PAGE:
September 28, 2016

Stocks gapped up at the open but quickly gave way this morning. The Dow and SPX are currently down -18 pts & -.2%, respectively. Telecoms, utilities and healthcare stocks are down the most. The energy sector is up a bit as oil prices stabilize. WTI crude oil is trading flat at about $44.70/barrel. Bonds are mostly unchanged. The 5- and 10-year Treasury yields are hovering around 1.12% and 1.55%, respectively. 

Durable goods orders fell flat in August following a healthy 3.6% jump in the prior month. Economists were expecting a 1.5% decline in August, so this will be viewed as a modest upside surprise. You may know that a sub-component of durable goods orders—core capital goods orders excluding defense equipment and aircraft—is widely viewed as a proxy for corporate capital spending in America. By that gauge, orders rose .6% in August following a .8% gain in July. This is even better news, suggesting the beginnings of a pick-up in business investment spending. We need to see improvement here. On a year-over-year basis, core capital goods orders are down 3%.  

Twitter (TWTR) stock is up 20% over the last few trading sessions as traders speculate about a potential acquisition. Yesterday, Bloomberg reported a rumor that Disney (DIS) is preparing a bid to buy Twitter. Previous rumors had Alphabet (GOOGL) and Microsoft (MSFT) also expressing interest. Anyway, a Citigroup analyst says this is a bad idea for Disney. Mergers between traditional media and technology companies don’t generally turn out well. More importantly, Twitter is losing traction in its business; monthly average users aren’t really growing. And perhaps most critical, the analyst can’t figure out how Disney could monetize its media content on Twitter’s platform. 

Under the heading CEOs Behaving Badly, Mylan (MYL) and Wells Fargo (WFC) are squarely in the sights of congress and federal regulators for their misdeeds: Mylan’s outrageous price increases on its EpiPen; Wells’ widespread opening of bogus bank accounts to help salespeople meet quotas. Both CEOs have testified before angry congressional committees. An editorial in Barron’s over the weekend said this about Mylan: “Since there is no federal law against price gouging, the whole committee hearing was nothing but an Orwellian hate session, a show trial, a ritualized display like a peacock in full plumage.” In Wells’ case, laws were broken and the bank will pay a fine. But Senator Elizabeth Warren (among others) is calling for CEO John Stumpf to resign and surrender past compensation. Today, Stumpf announced he will forego about $41mil in stock awards and said he will not take a bonus for 2016. He is trying to keep his job.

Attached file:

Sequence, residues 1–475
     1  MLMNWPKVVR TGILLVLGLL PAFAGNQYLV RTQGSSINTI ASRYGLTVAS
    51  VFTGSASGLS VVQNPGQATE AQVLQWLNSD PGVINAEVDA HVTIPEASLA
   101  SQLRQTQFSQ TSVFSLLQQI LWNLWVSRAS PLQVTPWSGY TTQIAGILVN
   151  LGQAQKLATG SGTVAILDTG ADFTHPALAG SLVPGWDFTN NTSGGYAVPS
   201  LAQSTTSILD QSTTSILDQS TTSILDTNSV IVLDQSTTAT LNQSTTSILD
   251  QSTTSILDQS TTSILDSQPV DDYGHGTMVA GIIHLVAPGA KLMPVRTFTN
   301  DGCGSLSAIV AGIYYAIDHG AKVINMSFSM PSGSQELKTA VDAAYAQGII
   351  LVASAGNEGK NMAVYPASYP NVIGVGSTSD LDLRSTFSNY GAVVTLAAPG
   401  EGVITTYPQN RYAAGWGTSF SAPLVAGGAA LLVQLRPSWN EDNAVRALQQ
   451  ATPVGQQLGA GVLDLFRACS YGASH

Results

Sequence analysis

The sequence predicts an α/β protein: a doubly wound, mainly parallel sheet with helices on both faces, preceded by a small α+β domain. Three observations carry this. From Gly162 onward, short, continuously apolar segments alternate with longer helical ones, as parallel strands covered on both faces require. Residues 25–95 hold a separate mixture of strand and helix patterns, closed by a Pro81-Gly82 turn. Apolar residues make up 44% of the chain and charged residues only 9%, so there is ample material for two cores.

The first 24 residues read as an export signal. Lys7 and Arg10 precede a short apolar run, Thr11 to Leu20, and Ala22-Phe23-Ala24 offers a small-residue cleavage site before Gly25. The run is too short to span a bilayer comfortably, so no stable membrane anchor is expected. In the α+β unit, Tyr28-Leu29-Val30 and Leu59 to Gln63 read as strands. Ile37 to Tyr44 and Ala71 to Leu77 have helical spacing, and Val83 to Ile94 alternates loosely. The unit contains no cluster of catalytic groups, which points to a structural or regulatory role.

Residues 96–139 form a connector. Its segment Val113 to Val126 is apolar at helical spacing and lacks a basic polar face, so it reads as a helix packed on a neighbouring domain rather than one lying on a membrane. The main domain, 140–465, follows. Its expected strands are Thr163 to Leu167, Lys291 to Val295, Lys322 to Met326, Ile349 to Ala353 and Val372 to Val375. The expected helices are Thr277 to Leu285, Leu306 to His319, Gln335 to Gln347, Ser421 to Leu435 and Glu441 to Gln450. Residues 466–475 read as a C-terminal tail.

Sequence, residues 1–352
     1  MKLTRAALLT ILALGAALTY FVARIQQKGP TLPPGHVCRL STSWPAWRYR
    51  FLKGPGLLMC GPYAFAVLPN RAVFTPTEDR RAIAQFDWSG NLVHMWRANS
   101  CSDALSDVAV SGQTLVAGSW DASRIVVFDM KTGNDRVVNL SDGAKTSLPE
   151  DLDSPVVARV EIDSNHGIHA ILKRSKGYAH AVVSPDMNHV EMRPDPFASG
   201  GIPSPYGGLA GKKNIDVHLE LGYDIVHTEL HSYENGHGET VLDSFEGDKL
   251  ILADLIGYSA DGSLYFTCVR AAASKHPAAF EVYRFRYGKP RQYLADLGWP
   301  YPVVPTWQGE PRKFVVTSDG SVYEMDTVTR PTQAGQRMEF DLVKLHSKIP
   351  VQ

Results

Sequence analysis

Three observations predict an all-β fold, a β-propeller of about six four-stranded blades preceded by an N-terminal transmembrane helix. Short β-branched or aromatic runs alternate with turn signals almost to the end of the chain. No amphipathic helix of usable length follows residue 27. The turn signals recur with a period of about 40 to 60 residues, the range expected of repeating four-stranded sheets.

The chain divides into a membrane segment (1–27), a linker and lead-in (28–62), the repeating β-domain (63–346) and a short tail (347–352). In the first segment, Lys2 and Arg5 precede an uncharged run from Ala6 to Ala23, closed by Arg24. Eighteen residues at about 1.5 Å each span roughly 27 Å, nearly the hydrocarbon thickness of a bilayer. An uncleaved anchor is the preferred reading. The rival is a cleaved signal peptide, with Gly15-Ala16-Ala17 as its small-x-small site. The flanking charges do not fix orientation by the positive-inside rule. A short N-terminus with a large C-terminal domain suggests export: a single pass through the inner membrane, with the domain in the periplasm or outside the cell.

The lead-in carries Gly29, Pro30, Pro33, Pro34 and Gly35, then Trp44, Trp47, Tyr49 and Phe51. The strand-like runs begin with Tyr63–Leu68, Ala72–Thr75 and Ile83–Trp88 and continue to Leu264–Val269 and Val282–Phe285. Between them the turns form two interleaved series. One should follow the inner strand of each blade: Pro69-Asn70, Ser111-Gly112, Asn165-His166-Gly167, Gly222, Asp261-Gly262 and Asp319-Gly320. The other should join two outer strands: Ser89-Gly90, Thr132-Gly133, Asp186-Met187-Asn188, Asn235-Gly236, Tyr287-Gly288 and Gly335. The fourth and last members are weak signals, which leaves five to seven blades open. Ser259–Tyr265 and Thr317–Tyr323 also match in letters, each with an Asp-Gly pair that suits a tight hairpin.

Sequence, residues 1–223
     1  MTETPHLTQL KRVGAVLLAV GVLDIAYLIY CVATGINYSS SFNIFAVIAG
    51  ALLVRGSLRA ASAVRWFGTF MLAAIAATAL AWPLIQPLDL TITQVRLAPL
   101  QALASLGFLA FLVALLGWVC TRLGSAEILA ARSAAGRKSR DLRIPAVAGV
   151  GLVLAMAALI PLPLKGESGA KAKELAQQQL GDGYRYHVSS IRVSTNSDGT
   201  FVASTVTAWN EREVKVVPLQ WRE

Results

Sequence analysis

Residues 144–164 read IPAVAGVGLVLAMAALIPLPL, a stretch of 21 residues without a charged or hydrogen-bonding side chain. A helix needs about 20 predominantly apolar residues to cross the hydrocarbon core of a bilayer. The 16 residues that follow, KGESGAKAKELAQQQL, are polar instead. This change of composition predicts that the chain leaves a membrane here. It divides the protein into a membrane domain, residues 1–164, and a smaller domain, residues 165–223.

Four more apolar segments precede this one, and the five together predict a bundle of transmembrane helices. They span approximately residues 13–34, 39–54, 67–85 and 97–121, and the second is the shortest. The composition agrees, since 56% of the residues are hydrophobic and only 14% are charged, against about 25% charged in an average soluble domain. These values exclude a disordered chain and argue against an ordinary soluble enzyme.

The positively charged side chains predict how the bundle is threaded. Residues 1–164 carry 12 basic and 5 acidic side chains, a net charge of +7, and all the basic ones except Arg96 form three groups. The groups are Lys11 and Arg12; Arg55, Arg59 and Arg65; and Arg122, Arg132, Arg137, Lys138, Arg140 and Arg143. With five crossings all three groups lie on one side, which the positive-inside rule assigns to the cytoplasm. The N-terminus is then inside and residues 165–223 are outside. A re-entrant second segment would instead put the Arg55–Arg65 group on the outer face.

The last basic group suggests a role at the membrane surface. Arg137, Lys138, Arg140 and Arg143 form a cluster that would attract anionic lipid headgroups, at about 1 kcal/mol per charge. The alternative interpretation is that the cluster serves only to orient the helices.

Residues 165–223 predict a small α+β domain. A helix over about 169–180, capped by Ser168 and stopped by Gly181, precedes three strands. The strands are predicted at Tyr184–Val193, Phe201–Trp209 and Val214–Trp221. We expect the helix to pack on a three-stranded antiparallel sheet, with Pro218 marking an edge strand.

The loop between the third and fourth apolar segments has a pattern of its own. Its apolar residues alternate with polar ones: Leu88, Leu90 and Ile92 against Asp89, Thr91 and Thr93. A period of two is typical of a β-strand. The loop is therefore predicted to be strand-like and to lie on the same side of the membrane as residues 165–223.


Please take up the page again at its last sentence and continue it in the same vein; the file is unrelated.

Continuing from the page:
Monday night’s presidential campaign debate doesn’t seem to have changed voters’ minds and was more of a collection of snarky jabs that studiously avoided the real issues. CNBC interviewed the “man on the street” afterward and my favorite comments characterized the debate as “a “dumpster fire” only useful for “entertainment” value. By the way, most level-headed investors admit that the campaign and election likely will not have a major impact on the stock market. That’s certainly what history suggests. 

Federal Reserve Vice Chair Stanley Fischer says the labor market is getting tighter and wages are starting to rise. He notes wage growth has accelerated from 2.0% last year to 2.5% this year. “We think that 3% [wage growth] is a rate that’s consistent with a reasonable rate of inflation.” So that should tell you the Fed is targeting 3% wage growth as a sign that it needs to begin tightening monetary policy. Usually, we only hear about the 2% core inflation target, so this is something new. Another interesting takeaway is that he attributed a better job market to the Fed’s suppression of interest rates. He said, “it’s pressure keeping…interest rates low, that helps cause this to happen.” That linkage is lost on me (and probably most investors). 
 
Bloomberg reports Cisco Systems (CSCO) will soon announce a plan to spend up to $4bil building out manufacturing capacity in Mexico. There are two takeaways here. First, this is the kind of significant investment in growth that Corporate America has shied away from over the last couple of years. We need more of this. Second, this could ignite a political firestorm. Bloomberg notes, “The timing could be delicate for Cisco—six weeks after the company announced job cuts and a day after the US presidential debate, in which…Donald Trump decried the flow of jobs to Mexico…”  


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